FASlink Fetal Alcohol Disorders Society
Supreme Court rules addiction considered disability

Friday, April 21, 2006 16:32
Supreme Court rules addiction considered disability

Even though alcoholism and drug addiction are clearly defined as disabilities under Ontario’s Human Rights Code, thousands of Ontarians have been denied disability benefits for substance abuse addictions. That’s about to change following a Supreme Court of Canada ruling Friday.

A seven-year legal battle ended in victory for two Sudbury men and the Sudbury Legal Clinic that represented them following a majority 4-3 decision by the country’s top court.

The court ruled legislation under provincial human rights codes must now be considered by all government tribunals when handling appeal cases by Canadian citizens applying for benefits, specifically, disability benefits.

The court ruled government agencies such as Ontario’s Social Benefits Tribunal (SBT), which hears appeals from citizens originally denied access to the Ontario Disability Support Program (ODSP), must consider provisions under provincial human rights regulations before rendering decisions. This includes provisions detailing alcoholism and drug addiction as defined disabilities.

In far too many cases, the SBT simply rejects appeals and refers people to the Ontario Human Rights Commission, where less than six percent of cases are ever heard, said Grace Kurke, legal counsel for the Sudbury Legal Clinic.

It this specific case, two Sudbury men, Norman Werbeski and Robert Tranchemontagne, applied for ODSP benefits in 1998 and 1999, respectively.

After more than two years of waiting, both claims were denied eight months apart in 2001 and both decisions were appealed to the SBT.

Both claims were again rejected, with the tribunal ruling they considered both men to be alcoholics who didn’t suffer from any other significant physical disability.

Both men argued they each had serious physical disabilities other than alcoholism and one claimed psychological issues as well.

The specific provision noted by the SBT in rejecting the appeals states an appellant is not eligible for ODSP benefits if “the person is dependent on or addicted to alcohol, a drug or some other chemically active substance.”

However, the Ontario Human Rights Code clearly states alcoholism and drug addiction is a disability and benefits can’t be denied if other satisfactory disabilities are proven, said Kurke.

In the case against Werbeski and Tranchemontange, the SBT quickly rejected the appeals focusing on the alcoholism provision, which contravenes human rights legislation, which the Supreme Court made clear takes precedence, said Kurke.

The SBT’s decision against the two Sudbury men was accepted by a divisional court. However, another appeal to the Ontario Court of Appeal last year was successful and the case was referred to the country’s top court.

Kurke and lawyers for several community agencies presented arguments before the Supreme Court in December. They were opposed by lawyers for the Ministry of Community and Social Services and the SBT.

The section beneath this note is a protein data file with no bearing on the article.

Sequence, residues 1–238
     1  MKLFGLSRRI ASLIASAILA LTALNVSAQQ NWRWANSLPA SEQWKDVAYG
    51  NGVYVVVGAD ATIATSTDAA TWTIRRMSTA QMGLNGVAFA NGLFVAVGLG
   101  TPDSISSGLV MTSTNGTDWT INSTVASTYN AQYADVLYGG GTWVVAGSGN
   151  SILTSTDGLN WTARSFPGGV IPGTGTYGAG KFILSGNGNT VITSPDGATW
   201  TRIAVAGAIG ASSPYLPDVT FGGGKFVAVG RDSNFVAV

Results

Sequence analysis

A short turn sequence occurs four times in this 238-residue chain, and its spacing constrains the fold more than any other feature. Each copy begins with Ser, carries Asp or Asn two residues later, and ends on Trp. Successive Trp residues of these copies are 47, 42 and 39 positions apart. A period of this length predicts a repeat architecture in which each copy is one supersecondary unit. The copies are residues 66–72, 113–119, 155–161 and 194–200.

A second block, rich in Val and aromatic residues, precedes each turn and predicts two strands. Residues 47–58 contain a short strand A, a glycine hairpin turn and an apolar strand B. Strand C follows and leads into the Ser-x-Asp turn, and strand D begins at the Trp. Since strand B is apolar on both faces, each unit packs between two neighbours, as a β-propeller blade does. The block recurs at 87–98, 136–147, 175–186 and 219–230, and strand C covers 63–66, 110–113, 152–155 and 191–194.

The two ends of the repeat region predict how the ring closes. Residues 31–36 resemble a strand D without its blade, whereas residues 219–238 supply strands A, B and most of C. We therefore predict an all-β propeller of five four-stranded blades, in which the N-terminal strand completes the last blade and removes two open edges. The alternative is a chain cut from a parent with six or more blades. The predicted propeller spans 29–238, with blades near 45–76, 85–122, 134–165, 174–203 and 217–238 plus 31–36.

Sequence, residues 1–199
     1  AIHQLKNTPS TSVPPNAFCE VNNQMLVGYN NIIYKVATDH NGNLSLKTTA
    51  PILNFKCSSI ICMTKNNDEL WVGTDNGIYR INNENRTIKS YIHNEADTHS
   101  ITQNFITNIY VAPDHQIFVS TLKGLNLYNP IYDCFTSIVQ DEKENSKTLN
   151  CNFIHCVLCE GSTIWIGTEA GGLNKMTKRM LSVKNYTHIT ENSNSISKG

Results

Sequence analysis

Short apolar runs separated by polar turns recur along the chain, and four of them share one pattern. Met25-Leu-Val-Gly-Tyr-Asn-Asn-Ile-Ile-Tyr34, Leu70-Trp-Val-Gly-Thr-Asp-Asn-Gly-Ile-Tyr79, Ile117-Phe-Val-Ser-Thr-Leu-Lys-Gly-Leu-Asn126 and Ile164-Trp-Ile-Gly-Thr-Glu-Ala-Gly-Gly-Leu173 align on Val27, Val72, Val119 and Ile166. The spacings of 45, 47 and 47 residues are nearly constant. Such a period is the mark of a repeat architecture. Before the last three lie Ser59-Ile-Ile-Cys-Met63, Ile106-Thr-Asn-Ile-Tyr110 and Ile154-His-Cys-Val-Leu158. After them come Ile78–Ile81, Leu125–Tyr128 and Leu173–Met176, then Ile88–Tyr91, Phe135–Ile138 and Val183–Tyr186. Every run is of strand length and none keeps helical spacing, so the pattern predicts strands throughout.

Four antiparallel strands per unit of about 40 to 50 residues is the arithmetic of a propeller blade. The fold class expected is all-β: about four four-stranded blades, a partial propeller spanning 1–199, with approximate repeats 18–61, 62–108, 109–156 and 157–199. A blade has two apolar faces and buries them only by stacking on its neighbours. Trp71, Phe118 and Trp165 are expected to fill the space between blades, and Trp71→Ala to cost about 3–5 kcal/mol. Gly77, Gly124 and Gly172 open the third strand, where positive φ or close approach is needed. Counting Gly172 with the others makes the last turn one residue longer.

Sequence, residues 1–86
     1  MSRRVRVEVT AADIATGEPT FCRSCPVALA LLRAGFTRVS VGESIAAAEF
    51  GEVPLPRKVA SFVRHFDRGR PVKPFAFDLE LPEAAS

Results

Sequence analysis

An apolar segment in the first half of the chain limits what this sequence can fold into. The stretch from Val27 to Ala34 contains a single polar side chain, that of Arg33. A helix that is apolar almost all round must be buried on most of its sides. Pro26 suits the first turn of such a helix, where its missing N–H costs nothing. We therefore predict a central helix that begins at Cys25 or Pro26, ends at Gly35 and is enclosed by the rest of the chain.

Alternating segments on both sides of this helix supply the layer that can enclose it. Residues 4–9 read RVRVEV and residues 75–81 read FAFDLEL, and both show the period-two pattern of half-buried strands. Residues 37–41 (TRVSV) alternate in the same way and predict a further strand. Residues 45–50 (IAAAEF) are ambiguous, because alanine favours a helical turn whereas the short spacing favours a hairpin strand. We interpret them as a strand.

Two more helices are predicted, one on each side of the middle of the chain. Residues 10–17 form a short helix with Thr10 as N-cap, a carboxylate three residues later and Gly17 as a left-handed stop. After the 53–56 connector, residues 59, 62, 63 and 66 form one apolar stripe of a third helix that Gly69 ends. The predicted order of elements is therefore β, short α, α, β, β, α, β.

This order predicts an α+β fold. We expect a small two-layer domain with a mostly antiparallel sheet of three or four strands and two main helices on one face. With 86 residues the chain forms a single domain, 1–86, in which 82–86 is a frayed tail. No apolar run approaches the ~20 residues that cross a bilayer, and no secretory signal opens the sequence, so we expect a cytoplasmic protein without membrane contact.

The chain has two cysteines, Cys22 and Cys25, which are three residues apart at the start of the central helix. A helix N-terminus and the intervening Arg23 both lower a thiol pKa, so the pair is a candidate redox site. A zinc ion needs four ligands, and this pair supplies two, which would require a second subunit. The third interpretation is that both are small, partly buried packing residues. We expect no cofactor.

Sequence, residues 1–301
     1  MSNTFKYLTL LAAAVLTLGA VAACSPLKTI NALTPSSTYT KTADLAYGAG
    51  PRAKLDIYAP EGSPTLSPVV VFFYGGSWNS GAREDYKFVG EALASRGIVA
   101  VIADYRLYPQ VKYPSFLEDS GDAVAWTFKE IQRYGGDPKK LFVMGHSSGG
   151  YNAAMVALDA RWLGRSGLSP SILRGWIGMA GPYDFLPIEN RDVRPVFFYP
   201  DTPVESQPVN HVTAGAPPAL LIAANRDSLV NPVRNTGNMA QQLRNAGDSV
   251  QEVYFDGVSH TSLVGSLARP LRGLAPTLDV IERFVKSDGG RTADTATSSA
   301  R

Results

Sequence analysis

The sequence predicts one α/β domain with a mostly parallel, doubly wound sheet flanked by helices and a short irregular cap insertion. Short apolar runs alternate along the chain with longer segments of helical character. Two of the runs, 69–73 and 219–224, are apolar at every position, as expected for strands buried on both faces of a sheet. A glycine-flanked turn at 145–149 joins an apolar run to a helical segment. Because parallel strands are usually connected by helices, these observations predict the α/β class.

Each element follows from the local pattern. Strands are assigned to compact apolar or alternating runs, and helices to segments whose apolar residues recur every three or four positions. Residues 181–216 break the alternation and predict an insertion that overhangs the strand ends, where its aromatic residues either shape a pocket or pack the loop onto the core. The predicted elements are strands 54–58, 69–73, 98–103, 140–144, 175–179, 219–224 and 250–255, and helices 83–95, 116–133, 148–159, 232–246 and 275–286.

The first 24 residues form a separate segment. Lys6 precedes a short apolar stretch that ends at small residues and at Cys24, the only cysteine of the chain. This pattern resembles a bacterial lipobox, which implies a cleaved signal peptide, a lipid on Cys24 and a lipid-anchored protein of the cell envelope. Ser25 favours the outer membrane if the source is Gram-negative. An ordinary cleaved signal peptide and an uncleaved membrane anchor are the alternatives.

Friday’s ruling makes it clear government tribunals like the SBT are “quasi constitutional bodies...that do have the power” to hear all evidence presented by appellants relating to provincial human rights codes and issues before making final decisions, said Kurke.

They can’t simply “pass the buck” and dismiss cases based on provisions the court has made clear do not supercede human rights legislation, said Kurke.

“The decision means vulnerable people can claim human rights considerations and be protected by provisions under the human rights code before every tribunal in the country,” said Kurke. “These tribunals can’t tell people any longer to go away insisting they don’t have the authority to deal with human rights issues.”

The Supreme Court ruling does not mean Werbeski and Tranchemontagne will receive ODSP and retroactive benefits, but the court made clear the SBT will have to hear their appeals again and must reconsider its decision stating alcoholism as sufficient cause for denying benefits, said Kurke.

Because human rights legislation clearly states alcoholism and drug addiction are disabilities, Kurke is confident she will win the case when it returns before the SBT.

“This is a huge victory for disadvantaged people across this country as it brings human rights considerations to the forefront in ways that have not previously been the case in this country,” said Kurke.

In a 45-page decision, the court ruled “since the SBT has not been granted the authority to decline jurisdiction, it can’t avoid considering the issues relating to the (human rights) code in these cases. “Moreoever...the SBT is the most appropriate forum to decide those issues.”

The SBT is meant to be an efficient, effective and quick process and regularly rejecting appeals by imposing human rights code compliance “will inevitably have an impact on its ability to assist the disabled community in a timely way,” read the decision.

Kurke successfully argued a section in the Ontario disability act constituted discrimination and was, therefore, inapplicable because the human rights code has primacy over other legislation.

“Instead of analyzing this argument, the SBT held it did not have the jurisdiction to consider the applicability of the section of the code...the appellants’ appeals were therefore dismissed without the benefit of a ruling that their treatment was discriminatory,” said the Supreme Court decision.

The court ruled the SBT and other tribunals most now consider provisions of human rights legislation in rendering all decisions.

“It becomes clear that the SBT had the jurisdiction to consider the code in determining whether the appellants were eligible for support pursuant to the disability act...at that point, the SBT had the responsibility of applying the code in order the render a decision that reflected the whole law of the